M1 is just a number which added 90% of Laura's $900 to themselves (what is the use of this calculation???). Suppose this 900$ are all $1 coins, then the total coin supply is 900 coins, no matter what banks do, they will never get 1710 coins at any time.  (If they want to use M1 to calculate the money flow, then the time frame is very important, 1 month loan and 1 year loan will generate different amount of money flow, static money supply at any given time and dynamic money supply through en period are totally different concept)

Usually, banks can argue that those 900$ were just sit there and doing nothing, the lending will make use of it, but they forgot that 900 coins belongs to Laura, they do not have the ownership of coins, what Laura do with her money has nothing to do with banks (actually banks are borrowing from Laura, it is Laura who created money supply in the first place)

And based on my model, Laura's $900 must corresponding to either $900 worth of products, or other's $900 worth of debt (debt can be regarded as consumable products in the future), that products or debt is the real wealth in the society, what banks lend out is actually those products or debts, so they can not lend out more than these $900 worth of products anyway

In one word, commercial banks could not creat money supply, they just calculate the same money multiple times and add them together

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Gerald Davis


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November 25, 2011, 02:07:50 PM
 #143

In one word, commercial banks could not creat money supply, they just calculate the same money multiple times and add them together.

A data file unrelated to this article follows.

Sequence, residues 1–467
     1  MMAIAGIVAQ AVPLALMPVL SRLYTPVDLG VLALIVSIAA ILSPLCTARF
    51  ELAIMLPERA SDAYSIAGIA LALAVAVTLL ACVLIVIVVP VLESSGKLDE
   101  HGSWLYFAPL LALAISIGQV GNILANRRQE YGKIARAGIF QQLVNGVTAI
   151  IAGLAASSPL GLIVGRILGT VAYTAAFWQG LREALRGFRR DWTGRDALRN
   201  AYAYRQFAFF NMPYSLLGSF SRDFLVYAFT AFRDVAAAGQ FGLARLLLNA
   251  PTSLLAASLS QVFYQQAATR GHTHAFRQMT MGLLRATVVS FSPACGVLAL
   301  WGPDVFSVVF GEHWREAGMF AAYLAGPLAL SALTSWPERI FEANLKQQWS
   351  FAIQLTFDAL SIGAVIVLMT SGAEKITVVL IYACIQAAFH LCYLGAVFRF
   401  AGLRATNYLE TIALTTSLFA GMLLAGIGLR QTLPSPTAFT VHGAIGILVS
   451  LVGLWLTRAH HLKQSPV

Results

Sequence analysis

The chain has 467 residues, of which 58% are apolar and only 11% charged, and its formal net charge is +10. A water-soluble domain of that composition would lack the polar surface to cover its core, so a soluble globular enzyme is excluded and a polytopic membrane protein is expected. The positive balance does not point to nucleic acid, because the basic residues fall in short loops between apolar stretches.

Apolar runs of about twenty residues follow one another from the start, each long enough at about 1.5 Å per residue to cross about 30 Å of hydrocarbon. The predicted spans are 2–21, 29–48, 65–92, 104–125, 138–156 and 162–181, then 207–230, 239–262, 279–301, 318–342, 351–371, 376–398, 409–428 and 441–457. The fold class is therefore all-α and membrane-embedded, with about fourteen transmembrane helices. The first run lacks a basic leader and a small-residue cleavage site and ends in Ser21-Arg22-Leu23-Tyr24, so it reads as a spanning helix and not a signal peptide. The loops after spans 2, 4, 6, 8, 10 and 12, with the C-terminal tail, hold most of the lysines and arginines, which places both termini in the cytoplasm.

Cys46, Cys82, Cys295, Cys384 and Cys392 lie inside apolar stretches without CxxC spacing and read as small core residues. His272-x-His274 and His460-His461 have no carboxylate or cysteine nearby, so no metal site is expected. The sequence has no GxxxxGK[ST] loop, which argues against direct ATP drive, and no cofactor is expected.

That is the money supply.  Commercial banks can't increase the monetary base.  They increase the money supply by increasing the availability of money. 
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November 25, 2011, 03:29:09 PM
 #144

In one word, commercial banks could not creat money supply, they just calculate the same money multiple times and add them together.

That is the money supply.  Commercial banks can't increase the monetary base.  They increase the money supply by increasing the availability of money. 

You can define the money supply to be the total amount of money that has been loaned out multiple times added together, then the most important factor is the loan frequency, which is seldom discussed in the money supply topic

If the bank loan out once per day, then the money supply in the first day increase $810, second day, increased $729, third day, increased $656, etc... then during one month it created about 8000$ money supply

If the bank loan out once per month, then the money supply will only increase $810 for one month, which is only 10% of the money supply in the previous case

And, if the bank loan out once per year, the money supply will decrease to about $67.5 for one month, which is another magnitude lower